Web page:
Update 16 July 2015: I’ve updated the JSFiddle demo with a more expressive log statement. So glad this post has been and continues to prove helpful!

I was writing my first AngularJS app and wanted to create a reusable service that I could call anywhere in the controller to upload the contents of a file input element in the view. A couple issues immediately arose: Angular’s ng-model doesn’t work on inputs with type=“file” so we need to create our own directive to bind files to variables in the view controller. Once we have the file, we need to override some Angular defaults and send it with a multipart/form-data request. The service in this post accomplishes this for us.

Getting the file in the controller’s scope

First we write the directive to gain access to the file object in our controller. In the snippet below, file-model is an attribute on a file input element, and its value is the name of the variable in our controller’s scope that binds to the file object.

.directive('fileModel', ['$parse', function ($parse) {
    return {
        restrict: 'A',
        link: function(scope, element, attrs) {
            var model = $parse(attrs.fileModel);
            var modelSetter = model.assign;

            element.bind('change', function(){
                scope.$apply(function(){
                    modelSetter(scope, element[0].files[0]);
                });
            });
        }
    };
}]);

In the link function of the above directive, we listen for changes to the content of the input element and change the value of the variable in the scope accordingly. This is achieved using the $parse service to set the value in our scope. The markup required in the view for the directive to work is simple:

<input type="file" file-model="myFile"/>

Making the multipart/form-data request

Now we’re able to access the file in the view controller with $scope.myFile. In order to upload the file to the server with a multipart/form-data request, we pass the file object and the url to a service and override some of Angular’s default behavior. Note that the below service uses the FormData object which is not supported by IE9 and earlier.

.service('fileUpload', ['$http', function ($http) {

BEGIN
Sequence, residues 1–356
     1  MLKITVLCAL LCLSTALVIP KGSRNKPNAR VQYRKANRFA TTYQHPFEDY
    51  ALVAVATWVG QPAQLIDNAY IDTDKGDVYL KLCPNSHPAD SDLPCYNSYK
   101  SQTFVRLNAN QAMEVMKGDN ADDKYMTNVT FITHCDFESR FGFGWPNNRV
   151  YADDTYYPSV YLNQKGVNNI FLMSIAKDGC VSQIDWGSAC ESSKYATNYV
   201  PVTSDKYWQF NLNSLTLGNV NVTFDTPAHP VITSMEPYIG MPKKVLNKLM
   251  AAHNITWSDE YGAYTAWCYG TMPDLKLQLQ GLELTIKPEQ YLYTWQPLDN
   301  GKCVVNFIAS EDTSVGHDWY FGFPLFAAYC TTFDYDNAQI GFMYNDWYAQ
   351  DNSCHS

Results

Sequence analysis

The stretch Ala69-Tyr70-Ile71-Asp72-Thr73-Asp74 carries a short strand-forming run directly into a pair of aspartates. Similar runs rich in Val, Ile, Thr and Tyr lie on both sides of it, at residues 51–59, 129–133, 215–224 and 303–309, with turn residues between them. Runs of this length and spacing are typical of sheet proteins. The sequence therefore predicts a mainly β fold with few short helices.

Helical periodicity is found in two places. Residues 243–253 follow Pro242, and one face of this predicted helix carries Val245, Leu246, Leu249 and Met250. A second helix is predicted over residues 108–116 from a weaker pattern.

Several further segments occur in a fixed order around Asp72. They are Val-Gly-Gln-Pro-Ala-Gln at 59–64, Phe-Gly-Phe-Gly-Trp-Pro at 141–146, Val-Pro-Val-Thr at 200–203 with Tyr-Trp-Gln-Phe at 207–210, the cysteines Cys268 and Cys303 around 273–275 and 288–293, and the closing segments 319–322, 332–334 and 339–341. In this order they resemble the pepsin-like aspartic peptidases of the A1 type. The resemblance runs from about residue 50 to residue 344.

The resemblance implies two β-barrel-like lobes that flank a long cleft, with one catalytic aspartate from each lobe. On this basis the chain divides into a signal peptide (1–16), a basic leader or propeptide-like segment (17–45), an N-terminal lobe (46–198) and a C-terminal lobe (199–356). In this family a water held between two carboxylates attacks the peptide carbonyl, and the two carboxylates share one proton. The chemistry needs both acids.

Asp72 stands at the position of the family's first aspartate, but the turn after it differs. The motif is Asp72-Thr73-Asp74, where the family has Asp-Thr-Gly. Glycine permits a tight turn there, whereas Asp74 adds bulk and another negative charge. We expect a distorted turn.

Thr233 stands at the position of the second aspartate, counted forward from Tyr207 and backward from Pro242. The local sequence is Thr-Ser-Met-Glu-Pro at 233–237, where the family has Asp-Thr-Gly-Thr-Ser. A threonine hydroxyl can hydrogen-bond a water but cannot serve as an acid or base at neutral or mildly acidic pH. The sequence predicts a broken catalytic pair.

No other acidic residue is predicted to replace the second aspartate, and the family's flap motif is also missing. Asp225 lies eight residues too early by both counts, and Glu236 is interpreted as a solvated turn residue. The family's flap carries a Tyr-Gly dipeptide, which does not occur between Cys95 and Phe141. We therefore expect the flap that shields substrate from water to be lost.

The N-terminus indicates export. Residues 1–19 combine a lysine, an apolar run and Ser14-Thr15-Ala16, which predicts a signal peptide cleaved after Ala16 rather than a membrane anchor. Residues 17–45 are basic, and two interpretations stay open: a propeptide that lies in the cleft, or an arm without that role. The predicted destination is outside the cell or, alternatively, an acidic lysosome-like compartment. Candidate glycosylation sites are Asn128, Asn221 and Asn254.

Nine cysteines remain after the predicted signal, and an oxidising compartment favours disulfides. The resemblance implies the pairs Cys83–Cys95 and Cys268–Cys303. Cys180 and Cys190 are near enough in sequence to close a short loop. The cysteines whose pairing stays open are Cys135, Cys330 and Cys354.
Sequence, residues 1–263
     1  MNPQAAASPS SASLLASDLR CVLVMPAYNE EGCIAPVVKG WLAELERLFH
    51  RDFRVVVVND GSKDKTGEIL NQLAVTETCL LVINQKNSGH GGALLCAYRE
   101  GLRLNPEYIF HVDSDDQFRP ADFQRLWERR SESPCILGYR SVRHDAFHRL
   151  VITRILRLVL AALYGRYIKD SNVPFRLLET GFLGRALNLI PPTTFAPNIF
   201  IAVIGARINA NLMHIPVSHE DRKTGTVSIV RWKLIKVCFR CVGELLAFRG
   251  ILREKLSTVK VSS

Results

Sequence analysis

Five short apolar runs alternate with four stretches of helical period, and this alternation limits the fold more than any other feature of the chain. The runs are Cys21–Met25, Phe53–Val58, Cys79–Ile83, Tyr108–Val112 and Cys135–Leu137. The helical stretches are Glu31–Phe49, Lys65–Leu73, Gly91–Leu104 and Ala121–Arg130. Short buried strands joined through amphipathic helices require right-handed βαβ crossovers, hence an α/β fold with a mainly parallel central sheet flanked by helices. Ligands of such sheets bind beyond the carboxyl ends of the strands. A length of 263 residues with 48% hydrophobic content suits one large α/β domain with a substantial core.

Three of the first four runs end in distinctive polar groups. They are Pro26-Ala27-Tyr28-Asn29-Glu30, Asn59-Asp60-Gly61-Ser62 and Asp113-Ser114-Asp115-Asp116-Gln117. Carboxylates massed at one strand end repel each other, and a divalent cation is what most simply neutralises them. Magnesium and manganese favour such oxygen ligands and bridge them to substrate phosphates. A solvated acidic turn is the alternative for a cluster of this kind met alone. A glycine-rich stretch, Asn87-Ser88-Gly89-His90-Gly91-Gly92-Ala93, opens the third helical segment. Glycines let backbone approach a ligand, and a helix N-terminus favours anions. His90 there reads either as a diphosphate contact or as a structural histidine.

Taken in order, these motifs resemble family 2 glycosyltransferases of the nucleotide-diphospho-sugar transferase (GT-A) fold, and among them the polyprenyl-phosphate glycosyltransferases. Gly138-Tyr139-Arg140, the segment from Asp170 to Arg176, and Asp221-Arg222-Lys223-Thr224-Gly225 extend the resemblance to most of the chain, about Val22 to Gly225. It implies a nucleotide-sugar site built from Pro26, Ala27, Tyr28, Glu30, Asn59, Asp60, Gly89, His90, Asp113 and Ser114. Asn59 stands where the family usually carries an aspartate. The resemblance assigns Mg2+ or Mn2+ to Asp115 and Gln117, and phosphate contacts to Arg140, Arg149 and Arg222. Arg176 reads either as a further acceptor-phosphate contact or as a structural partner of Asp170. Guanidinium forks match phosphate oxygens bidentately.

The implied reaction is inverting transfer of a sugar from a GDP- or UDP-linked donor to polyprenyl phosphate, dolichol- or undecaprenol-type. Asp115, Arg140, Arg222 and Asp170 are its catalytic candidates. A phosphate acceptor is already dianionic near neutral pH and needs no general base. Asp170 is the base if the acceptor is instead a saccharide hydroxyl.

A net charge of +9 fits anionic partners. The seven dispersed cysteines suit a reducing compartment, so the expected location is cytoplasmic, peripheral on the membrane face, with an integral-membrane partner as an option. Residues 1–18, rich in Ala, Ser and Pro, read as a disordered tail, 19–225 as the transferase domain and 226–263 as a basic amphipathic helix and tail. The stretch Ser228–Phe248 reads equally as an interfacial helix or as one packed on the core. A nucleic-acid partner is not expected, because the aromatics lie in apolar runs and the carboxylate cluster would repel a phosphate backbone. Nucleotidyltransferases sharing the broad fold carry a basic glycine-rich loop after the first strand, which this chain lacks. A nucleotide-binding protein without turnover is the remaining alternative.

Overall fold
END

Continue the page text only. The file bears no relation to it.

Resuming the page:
this.uploadFileToUrl = function(file, uploadUrl){
        var fd = new FormData();
        fd.append('file', file);
        $http.post(uploadUrl, fd, {
            transformRequest: angular.identity,
            headers: {'Content-Type': undefined}
        })
        .success(function(){
        })
        .error(function(){
        });
    }
}]);

Angular’s default transformRequest function will try to serialize our FormData object, so we override it with the identity function to leave the data intact. Angular’s default Content-Type header for POST and PUT requests is application/json, so we want to change this, too. By setting ‘Content-Type’: undefined, the browser sets the Content-Type to multipart/form-data for us and fills in the correct boundary. Manually setting ‘Content-Type’: multipart/form-data will fail to fill in the boundary parameter of the request.

In my use case, I did not want to upload the file until I knew a previous request went through successfully, so I inject the service into my controller and call it when I know it’s safe to upload.

var file = $scope.myFile;
var uploadUrl = 'http://www.example.com/images';
fileUpload.uploadFileToUrl(file, uploadUrl);

Check out the JSFiddle

To see the view, controller, directive, and service working together in their entirety, check out the small fiddle I made. In the fiddle, the file upload function is invoked on the click of the button, but of course it can be called anywhere in your controller.

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